100%

Scanned image of the page. Keyboard directions: use + to zoom in, - to zoom out, arrow keys to pan inside the viewer.

Page Options

Download this Issue

Share

Something wrong?

Something wrong with this page? Report problem.

Rights / Permissions

This collection, digitized in collaboration with the Michigan Daily and the Board for Student Publications, contains materials that are protected by copyright law. Access to these materials is provided for non-profit educational and research purposes. If you use an item from this collection, it is your responsibility to consider the work's copyright status and obtain any required permission.

November 06, 1958 - Image 2

Resource type:
Text
Publication:
The Michigan Daily, 1958-11-06

Disclaimer: Computer generated plain text may have errors. Read more about this.

THE MICHIGAN DAILY

More Funds
To'U' Seen
By Sallade
(Continued from Page 1)
greatest victory in state history,
Gov. G. Mennen Williams' ma-
jority was less than in either of
the last two campaigns."
This seems to indicate that
while the Democratic Party is
gaining strength. the Governor's
personal popularity is being re-
duced, Sallade observed.
"He'll have to produce a pretty
good record if he wants the "pres-
idential) nomination in 1960,
though," Sallade said. This will
require a program for recovering
lost industry and improving state
services, he added.
In the House, Sallade pictured
a "golden opportunity for leader-
ship," made possible by the 55-55
membership split. Since neither
party will be in control, he said,
a closely-knit bloc of legislators
might be able to swing the vote
on crucial issues.

VIOLINIST PERFORMS HERE:
Warm Smile Introduces Isaac Stern

By ANN EICHLER
A warm smile and hearty hand-
shake was introduction from one
of America's great violinists. Isaac
Stern. who appeared here last
night in the second concert of the
University's Extra Concert Series.
Stern, who really speaks one

never to repeat the same pieces in
the same city for ten years after
he has played there.
Commenting on his trip to Rus-
sia at the invitation of the Soviet
Ministry of Culture and the U. S.
State Department two years ago,
Stern said that lie received in-

language well, although he can credible receptions, which were
make himself understood in Rus- enormously warm and enthusias-
sian and French, has traveled ex- tic.
tensively in European and other Russians Were Friendly

forelgn countries. "My wife
speaks six languages," he said,
"and thus, between us, we can'
make ourselves understood."
Never 'Plays Down'
"Our programs are on a gen-;
eral level, and we never play down
to any audience or play pops pro-
grams," he commented as he,
leaned back in his chair. "But,"
he continued. "we do change the
programs according to our own,
desire to play various works. We
have four or five programs inl
playing shape for each season,,
and add to these each year." He
said that he keeps a list of what
he plays in each city, and tries1

"After a concert, 1,000 or 1.500
people would gather, and they
were very friendly and open," he
reminisced. "We spoke Russian,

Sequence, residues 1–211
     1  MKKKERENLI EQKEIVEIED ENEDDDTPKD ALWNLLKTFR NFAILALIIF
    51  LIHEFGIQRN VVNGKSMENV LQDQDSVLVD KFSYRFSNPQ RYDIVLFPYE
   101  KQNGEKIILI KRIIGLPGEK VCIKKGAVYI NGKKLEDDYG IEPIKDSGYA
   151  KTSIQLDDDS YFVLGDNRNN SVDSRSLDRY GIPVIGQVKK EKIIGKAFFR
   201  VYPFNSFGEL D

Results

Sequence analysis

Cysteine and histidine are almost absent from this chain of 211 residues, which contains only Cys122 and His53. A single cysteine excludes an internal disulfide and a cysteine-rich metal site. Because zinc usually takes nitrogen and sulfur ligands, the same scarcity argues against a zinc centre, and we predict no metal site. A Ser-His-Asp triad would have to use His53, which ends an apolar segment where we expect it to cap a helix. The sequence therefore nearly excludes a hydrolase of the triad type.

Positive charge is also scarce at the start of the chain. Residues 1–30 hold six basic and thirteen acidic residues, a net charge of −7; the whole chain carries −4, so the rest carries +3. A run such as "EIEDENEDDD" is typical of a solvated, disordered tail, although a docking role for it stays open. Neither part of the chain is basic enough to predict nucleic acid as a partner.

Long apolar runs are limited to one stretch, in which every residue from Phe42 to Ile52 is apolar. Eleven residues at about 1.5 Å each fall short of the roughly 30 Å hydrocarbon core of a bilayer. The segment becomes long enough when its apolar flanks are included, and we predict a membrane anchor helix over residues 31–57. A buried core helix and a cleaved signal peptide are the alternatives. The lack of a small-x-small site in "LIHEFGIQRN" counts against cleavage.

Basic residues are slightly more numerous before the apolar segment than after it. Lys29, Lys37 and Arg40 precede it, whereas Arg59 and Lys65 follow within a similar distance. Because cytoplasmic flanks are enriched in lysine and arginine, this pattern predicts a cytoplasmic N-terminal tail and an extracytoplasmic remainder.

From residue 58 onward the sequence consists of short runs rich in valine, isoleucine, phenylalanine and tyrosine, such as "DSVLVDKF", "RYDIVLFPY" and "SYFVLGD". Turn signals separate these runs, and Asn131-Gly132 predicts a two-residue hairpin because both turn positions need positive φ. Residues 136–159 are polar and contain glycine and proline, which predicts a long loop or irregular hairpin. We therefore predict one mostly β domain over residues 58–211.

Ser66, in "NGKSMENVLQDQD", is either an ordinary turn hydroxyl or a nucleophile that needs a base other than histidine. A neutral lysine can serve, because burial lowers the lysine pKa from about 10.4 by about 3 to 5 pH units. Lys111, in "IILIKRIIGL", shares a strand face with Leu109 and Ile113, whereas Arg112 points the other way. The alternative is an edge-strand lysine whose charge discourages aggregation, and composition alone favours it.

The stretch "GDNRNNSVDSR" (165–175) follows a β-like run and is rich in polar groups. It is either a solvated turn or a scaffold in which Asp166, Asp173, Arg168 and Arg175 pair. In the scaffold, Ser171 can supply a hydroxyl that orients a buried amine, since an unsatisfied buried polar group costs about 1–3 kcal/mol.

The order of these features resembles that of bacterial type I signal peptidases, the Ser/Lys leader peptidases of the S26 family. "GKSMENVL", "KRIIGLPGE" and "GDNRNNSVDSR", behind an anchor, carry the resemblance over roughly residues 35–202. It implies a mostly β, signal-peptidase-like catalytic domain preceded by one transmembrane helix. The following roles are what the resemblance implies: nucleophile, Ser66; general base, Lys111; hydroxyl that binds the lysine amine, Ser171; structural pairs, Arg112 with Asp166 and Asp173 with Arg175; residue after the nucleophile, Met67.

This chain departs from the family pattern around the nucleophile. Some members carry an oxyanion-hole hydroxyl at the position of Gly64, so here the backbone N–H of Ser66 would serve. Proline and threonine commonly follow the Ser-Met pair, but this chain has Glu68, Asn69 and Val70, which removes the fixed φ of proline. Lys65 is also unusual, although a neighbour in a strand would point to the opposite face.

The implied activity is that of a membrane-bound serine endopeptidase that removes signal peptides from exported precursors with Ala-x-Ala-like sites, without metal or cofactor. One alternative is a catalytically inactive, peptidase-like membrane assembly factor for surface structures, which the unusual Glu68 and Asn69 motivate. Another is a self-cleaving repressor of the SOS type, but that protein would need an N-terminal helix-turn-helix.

and during a special interview for
students after a concert the stu-
dents showed an exceptional in-
terest in American students' mu-
sical education, life and opportu-
nities. They asked all sorts of
questions about our musical op-
portunities here."
Sternipresented concerts in
Moscow, Leningrad, Kiev, Tblisi
(former capital of Georgia "home
of a student named Stalin") and
in capital cities of the various
Russian republics.
Cites Music Awareness

Iasternak's
P1
'Dr. Zhivago'
Interpreted
By JAN RAHMI
"Some of the Soviet reaction to
Boris Pasternak's novel "Dr. Zhi-
vago." is probably due to his in-
sistence on divine inspiration
rather than on inspiration from
the the mechanical world about
him." Prof. Marvin Felheim of the
English department said of the
Nobel prize-winning novel.
"Dr. Zhivago turns not merely
to the act of writing about the
world around him, but he becomes
an agent of some higher force
which leads him and gives him
the strength through which he
writes," Prof. Felheim explained
to the overflow crowd at the
League-sponsored book review
Tuesday evening.
Pasternak's novel is laid in Rus-
sia during the revolution of 1917
and the time afterward. The vil-
lains are not just the Soviets. In
fact, two of the "angels of mercy"
In the book are high-ranking
Soviets who "also happen to have
hearts of gold."
Upset About Wars
Pasternak is not upset about
communism, per se, but rather
about the results of wars and-

-Daily-Allan Winder
BEFORE THE PERFORMANCE-Violinist Isaac Stern picks up
his instrument in a moment of practice before his concert last
night in Hill Aud, Stern says he doesn't "play down" to his
audiences, just chooses what he enjoys performing, although he
tries never to do the same numbers twice in the same place.

"Your Best Bet Call A Vet"
VElTE RAN'S CAB
NO 3-4545 NO 2-4477 NO 3-5800
SERVICE TO

WILLOW RUN and WAYNE MAJOR Airports

"Foreign audiences are more
aware of music than Americans
sometimes in certain cases," he
observed. "They are a little more
aware of the nuances simply be-
cause they are experienced; the
music has been part of their edu-
cation for hundreds of years. In
other words, they have lived with
it longer, so naturally they are
more sensitive to it."
"Foreigners are much less afraid
to be emotionally involved in the
classical music," Stern said. "But
the students show the same
awareness as in America; they are
more alive, alert and willing when
they come to a concert.",
He has not played specifically
at universities in Europe, al-

We Go Anywhere

24-Hour Ser

vice

I

.... .
.

_ __ -- ,

SWEDISH MODERN
GLASSWARE
24-Pc. Service of 8

l1

Only
$28

\1
-e
201 S. Main of Washington

I

Notices
Baha'i Student Group, weekly meet-
ing, Nov. 6, 8:30 p.m., 527 S. Division.
Topic: "The Road to Happiness."
* * * ..
Cercle Francais, film, "Les Amnants
de Verdne"-English sub-titles, Nov. 6,
8 p.m., Multi-purpose Rm., Undergrad.
Library;
Christian Science Organization, regu-
lar testimony meeting, Nov. 6, Mich.
League: Check bulletin board for Rm.
No.
Congregational and Disciples Guild,
Social Action meeting, Nov. 6- 12 noon,
Guild House.
Folklore Society, Hootenanny Sing,
Nov. 6, 8 p.m., Lane Hall.
Fortnite Comm., All scripts for skits
are due by Fri., Nov. 7, 5 p.m. Place
them in marked box in Undergraduate.
Office of League.
I.S.A.. Nov. 6, 8 p.m., Angell Hall,
Aud. A, Speaker: Dr. Faez Sayegh,
member Arab Delegation to UN. "Arab
Nationalism and Democracy." All are
cordially invited.
Modern Dance Club, meeting. Dance
technique lesson and composition
group, Nov. 6, 7:15-9 p.m., Barbour
Gym. Beginners through advanced are
cordially invited.
" * "
Newman Club, movie, "All the King's
Men" and Magoo Cartoon, Nov. 7, 8:30
p.m., 331 Thompson St.
* e "
Russian Circle, business meeting for
election of president and special com-
mittees, Nov. 6. 7:30 pm., 3511 SAB.
I

though there were some in the
towns. He has appeared at univer-
sities throughout this country.
"A majority of Israelis are of
European parentage, and the in-
flux has been from central and
eastern Europe since 1945," he
commented, referring to recent
trips to_ that country. "The older